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The black hole helped me see Jesus
Fathoming the unfathomable
I was mesmerized by the first-ever image of a black hole that a group of scientists released last week. I watched the press conference and was so moved by the passion and joy and excitement of these scientists sharing their amazing discovery. I’m not an expert, but up until that point, we’d never seen a black hole before. We had directly felt the detection of gravitational waves that were likely caused by a black hole merger. We have also observed gravitational wave events. But never before had we seen an image of it.
In fact, our understanding and belief in them was largely based on Einstein’s theory. But, low and behold, in actuality, at the center of the M87 galaxy, is indeed a black hole. It’s so monstrous and massive, it sucks up everything around it with intense gravitational pull that not even light can escape from it. Einstein and others argue that a compact mass, the result of a fallen star, disturbs spacetime so much, it creates a massive pull, the “points of no returns,” a.k.a the event horizon. We’ve speculated that at the center of most galaxies is a supermassive black hole and on April 10, a group of scientists were able to take a picture of it.
It is 6.5 billion times the mass of the Sun. It’s 55 million light-years away from us. In order for a speck of light, a photon to escape the hole, it would need to be 18 billion kilometers away from the black hole. Put another way, it would need to be 122 times the distance between the earth and the Sun in order not to be sucked up by this massive force.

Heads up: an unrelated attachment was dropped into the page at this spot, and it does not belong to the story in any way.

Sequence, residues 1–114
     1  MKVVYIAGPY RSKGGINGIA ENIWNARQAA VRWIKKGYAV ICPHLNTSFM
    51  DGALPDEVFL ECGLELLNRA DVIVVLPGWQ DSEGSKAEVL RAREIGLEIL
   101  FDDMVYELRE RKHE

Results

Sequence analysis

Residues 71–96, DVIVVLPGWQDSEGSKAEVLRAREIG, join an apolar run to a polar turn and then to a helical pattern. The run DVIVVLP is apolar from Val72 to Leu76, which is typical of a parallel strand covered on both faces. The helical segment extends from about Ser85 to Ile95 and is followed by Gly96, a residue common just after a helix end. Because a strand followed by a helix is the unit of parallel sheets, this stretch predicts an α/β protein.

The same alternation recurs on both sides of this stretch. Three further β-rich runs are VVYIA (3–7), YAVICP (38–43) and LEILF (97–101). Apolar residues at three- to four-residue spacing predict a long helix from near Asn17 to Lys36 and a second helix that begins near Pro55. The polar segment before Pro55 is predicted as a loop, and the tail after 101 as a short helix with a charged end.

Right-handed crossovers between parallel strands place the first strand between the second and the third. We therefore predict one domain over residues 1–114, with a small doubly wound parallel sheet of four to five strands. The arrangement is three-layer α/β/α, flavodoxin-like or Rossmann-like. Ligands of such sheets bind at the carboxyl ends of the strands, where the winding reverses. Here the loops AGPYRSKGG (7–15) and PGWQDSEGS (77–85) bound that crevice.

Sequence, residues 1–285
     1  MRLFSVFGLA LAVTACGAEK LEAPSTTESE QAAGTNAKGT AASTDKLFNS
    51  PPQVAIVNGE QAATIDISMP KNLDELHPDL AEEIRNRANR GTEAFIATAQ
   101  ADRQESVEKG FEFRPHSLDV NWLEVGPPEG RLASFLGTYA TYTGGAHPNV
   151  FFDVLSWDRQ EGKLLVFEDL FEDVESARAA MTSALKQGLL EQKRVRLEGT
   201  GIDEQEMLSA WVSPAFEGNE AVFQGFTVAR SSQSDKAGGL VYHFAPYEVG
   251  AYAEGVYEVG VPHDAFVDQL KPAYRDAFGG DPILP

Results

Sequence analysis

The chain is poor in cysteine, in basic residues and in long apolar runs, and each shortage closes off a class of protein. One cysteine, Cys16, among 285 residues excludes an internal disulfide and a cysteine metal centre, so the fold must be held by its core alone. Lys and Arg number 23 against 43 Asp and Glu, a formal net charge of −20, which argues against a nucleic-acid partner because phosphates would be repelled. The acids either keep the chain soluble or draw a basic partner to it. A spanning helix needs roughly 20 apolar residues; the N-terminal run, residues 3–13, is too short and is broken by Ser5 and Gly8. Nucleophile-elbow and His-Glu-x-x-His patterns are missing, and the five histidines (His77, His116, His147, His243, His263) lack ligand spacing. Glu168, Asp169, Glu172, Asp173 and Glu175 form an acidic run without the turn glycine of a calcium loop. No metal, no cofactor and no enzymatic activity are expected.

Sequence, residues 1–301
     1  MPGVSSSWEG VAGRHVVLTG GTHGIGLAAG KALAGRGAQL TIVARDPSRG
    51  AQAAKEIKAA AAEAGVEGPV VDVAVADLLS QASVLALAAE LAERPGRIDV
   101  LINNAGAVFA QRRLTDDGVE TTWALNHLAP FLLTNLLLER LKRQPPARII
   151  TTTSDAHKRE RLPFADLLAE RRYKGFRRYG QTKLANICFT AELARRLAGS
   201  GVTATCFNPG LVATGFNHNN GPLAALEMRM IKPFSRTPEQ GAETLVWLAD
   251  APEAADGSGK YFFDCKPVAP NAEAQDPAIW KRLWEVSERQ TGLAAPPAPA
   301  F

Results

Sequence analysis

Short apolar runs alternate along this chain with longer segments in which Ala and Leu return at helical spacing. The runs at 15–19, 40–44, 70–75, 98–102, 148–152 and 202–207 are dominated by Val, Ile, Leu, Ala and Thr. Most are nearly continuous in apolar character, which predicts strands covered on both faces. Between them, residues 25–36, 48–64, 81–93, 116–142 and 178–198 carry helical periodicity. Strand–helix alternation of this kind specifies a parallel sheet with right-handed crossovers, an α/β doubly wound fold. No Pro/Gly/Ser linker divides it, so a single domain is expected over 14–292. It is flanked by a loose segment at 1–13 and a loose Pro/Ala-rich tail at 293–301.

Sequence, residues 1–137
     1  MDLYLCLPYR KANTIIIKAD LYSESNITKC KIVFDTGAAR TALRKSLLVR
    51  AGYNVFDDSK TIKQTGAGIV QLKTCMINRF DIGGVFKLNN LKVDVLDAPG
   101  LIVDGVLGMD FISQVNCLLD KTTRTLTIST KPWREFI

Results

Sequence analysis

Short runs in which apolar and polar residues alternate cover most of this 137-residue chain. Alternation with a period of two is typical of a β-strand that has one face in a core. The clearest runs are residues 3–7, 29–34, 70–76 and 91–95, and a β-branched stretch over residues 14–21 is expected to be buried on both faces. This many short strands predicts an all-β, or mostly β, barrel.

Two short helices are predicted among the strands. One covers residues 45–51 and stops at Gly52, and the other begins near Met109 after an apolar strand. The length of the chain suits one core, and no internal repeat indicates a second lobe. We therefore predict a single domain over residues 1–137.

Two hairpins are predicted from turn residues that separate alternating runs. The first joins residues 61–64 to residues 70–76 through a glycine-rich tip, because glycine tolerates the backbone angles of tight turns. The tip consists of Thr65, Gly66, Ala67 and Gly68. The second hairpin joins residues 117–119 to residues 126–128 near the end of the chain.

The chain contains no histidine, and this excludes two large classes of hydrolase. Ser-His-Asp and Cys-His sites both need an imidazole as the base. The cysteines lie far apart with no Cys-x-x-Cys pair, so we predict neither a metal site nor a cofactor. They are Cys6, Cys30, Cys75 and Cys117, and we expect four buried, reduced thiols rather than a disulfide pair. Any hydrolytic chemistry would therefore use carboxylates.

I was mesmerized at the incomprehensibility of its size and power, of its distance from us, reflecting then how huge the galaxy and the universe is, and how small I am in comparison. It’s hard to think you matter in a world that’s so big. We barely think we matter if we’re in a group of a 100 people. It’s hard to hold to the fact that you personally do have meaning and significance, and even meaning and significance to God, the creator of the whole universe. It’s hard to get a sense of our own consequence while also holding on to how huge the universe is, without falling into apathy or denial. We may just ignore the big things or just resign ourselves to not being able to do anything about them.
There is something, instead of nothing
So we might just cut everything down a size we can understand so that we aren’t overwhelmed. Or we might obsess with how big the universe is, or even God is, or even Jesus’ plan for world redemption and think what we are doing is totally useless.
I loved listening to the scientists talk about the black hole because they really believed they did something amazing—and they did. It takes a lot of self-awareness and self-worth, even, to be able to team up with 200 others to take a photo of something that is impossibly big and impossibly far, and think you’re doing your part in making the world better. I love the faith.
That moment built my faith. And it could build all of ours. We have reasons to have faith, too. For one thing, you are here. You get to observe something of this magnitude; you can observe a black hole and it cannot observe itself. You are something and you can consider yourself. You have an essence and existence, a “what you are” and a “that you are.” You are massive in your own right. There is something, instead of nothing. I have a specific assignment to the meaning of that something. You may not. But it’s hard to ignore one’s own contingency; the universe’s contingency; even the black hole’s contingency. There is something and it depends, necessarily, on more than itself.